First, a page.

The South zone is magnetically flat, and characterized by long wavelength responses attributed to the possible geological configuration of the basement and the overlying sedimentary cover.

Figure 11. Analytic Signal of the Vertical Integration.

Analytic Signal of Vertical Integration (ASVI)

The ASVI can be defined as the square root of the sum of the squares of the derivates in the X, Y and Z directions of the Vertical Integration of the TMI. The objective of this filter is to better define the edges of magnetic and non-magnetic bodies that cause the anomalies, and provide a cleaner response than a standard Analytic Signal calculation.

Tilt Derivative (TDR)

The tilt derivative was quite helpful to map shallow responses and structures. This filter has the advantage of enhancing and sharping the magnetic trends yielding geophysical structures.

Geophysical Structures

The TDR map was used for geophysical structural interpretation, as its theory indicates that the zero contour line will be located at or very close to the a fault or geological contact. Tracing the zero contour line of the TDR map delineates the subsurface structure of the area and thus drawing possible faults that characterize the area (Esmat E., et al., 2015).
Two fault systems were distinguished in the survey area; the first one with a NE-SW orientation following general Andean regional fault trends, and the second one with a NE-SE orientation. Regional faults presented in orange were downloaded from the Geocatmin system of the INGEMMET (Instituto Geológico, Minero y Metalúrgico of Perú). This public system (https://geocatmin.ingemmet.gob.pe), offers geological and mining information of Peru and served like starting point to identify the rest of geophysical structures (black lines) using the TDR map, as shown in Figure 13.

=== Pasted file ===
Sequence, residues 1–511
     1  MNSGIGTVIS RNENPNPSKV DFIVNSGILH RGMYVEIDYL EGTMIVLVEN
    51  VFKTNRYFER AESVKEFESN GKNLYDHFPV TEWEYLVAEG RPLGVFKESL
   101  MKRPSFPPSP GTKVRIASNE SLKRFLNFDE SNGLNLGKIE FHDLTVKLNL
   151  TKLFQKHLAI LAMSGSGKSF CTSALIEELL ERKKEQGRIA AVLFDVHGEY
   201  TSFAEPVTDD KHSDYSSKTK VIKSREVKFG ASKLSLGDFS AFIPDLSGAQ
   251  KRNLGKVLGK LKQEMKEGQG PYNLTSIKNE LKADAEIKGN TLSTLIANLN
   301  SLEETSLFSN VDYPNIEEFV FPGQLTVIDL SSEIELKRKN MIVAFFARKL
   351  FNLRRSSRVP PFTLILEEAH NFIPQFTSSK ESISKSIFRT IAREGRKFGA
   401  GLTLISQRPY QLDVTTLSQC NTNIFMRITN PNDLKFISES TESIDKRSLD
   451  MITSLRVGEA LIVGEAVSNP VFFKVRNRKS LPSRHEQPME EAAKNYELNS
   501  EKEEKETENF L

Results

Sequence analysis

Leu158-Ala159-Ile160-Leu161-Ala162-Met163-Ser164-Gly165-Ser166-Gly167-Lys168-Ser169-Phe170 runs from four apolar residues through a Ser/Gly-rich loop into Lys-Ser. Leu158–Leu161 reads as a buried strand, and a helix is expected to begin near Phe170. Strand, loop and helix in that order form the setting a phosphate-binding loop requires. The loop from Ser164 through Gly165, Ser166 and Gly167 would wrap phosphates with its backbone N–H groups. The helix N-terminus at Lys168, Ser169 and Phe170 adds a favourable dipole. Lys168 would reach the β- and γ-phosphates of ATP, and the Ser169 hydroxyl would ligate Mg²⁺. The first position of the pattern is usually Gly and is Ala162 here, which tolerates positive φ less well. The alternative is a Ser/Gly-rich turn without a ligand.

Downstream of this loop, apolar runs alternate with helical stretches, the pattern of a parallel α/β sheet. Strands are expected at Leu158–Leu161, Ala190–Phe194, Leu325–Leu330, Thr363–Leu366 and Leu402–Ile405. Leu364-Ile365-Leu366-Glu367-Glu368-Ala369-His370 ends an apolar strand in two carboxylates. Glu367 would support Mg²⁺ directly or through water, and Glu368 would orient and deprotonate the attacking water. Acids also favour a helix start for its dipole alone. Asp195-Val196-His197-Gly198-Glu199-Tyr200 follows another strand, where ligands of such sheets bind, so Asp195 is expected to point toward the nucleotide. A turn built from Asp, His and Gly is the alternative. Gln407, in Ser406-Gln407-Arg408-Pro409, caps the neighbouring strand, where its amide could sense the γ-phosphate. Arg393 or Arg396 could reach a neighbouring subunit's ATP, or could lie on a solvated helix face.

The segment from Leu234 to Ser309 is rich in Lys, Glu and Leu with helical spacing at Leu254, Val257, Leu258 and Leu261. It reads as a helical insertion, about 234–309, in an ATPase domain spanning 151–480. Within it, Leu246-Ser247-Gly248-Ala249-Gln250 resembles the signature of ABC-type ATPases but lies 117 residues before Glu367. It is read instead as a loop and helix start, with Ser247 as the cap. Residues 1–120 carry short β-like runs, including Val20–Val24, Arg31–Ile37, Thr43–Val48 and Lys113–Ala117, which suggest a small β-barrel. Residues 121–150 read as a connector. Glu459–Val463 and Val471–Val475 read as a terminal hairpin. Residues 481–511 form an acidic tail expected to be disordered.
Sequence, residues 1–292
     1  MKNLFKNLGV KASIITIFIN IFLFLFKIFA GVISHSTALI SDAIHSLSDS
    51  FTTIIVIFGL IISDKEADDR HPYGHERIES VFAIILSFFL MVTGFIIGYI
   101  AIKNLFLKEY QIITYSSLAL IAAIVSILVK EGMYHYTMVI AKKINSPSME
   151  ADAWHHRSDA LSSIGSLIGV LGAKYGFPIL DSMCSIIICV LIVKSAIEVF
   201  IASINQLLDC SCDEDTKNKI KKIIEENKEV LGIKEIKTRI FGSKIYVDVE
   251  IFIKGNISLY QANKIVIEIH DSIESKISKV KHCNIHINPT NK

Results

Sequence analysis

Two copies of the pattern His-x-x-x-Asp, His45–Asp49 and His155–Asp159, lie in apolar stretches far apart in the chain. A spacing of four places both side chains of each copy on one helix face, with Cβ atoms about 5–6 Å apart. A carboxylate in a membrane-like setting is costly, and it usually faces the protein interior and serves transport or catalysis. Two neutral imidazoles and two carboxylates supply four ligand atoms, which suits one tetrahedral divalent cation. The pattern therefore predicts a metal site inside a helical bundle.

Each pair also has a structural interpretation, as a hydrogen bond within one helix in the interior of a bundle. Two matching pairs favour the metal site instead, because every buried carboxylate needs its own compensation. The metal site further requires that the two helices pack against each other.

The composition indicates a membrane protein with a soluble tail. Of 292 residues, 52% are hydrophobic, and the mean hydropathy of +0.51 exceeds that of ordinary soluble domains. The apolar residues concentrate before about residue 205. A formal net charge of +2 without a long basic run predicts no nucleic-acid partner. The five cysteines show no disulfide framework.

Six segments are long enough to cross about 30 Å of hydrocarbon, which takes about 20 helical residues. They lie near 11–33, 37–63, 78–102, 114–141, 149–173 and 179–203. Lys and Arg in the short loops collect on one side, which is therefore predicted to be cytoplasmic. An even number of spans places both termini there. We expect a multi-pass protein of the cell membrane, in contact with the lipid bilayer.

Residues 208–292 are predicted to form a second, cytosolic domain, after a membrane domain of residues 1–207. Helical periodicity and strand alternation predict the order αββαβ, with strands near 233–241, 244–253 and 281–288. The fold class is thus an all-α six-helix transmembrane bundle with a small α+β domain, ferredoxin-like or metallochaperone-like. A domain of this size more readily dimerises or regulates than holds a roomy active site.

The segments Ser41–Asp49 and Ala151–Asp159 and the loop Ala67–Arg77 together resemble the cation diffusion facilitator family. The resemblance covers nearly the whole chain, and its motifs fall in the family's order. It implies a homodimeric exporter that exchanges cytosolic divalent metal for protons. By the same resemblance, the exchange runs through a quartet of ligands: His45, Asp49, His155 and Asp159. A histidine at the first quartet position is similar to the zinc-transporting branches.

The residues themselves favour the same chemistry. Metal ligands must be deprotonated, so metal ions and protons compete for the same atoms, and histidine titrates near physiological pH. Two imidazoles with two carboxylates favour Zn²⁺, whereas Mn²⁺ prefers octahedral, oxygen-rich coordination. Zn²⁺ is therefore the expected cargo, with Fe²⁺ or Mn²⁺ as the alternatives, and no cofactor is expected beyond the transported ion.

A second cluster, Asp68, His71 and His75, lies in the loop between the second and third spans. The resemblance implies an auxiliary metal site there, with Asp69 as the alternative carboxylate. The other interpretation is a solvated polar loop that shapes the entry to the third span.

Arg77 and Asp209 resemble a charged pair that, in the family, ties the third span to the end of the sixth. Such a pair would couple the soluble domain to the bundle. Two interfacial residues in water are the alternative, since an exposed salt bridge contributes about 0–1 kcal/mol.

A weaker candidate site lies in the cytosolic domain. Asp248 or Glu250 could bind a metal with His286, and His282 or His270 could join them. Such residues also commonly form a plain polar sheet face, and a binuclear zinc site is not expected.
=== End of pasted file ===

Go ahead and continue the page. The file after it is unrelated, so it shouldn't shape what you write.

Figure 12. Tilt Derivative.
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Figure 13. Structural Interpretation on TDR.

Magnetic Modelling

An MVI 3D modelling was performed on the magnetic dataset. One of the main advantages of using an MVI inversion over a standard magnetic susceptibility inversion is its capability of obtaining more realistic results when magnetic remanence is present in the data. This is why MVI inversions are usually easier to interpret with local geology than magnetic susceptibility inversions. An MVI inversion produces for each cell in space, a vector which indicates direction of magnetization and intensity. The inversion results may be seen in Figure 14.

Figure 14. MVI Inversion. A) Resulting vectors from inversion process displaying orientation and magnetization intensity. B) Amplitude of magnetization in equivalent SI Units overlaying resulting vectors.

The inversion led some interesting results, which are not easily interpretable from the geological map as most of the area has quaternary sedimentary cover, except on the Northern and Northeastern edges of the survey area. The Huallhuani sandstones in the NE edge have no response in the magnetic inversion and the Acarí batholith shows as a magnetic high that is trending East-West and then South East. High amplitude magnetization responses are seen in the South and South Eastern areas. Magnetic high responses seem to be forming into a circular shape with a magnetic low center located under recent sedimentary cover.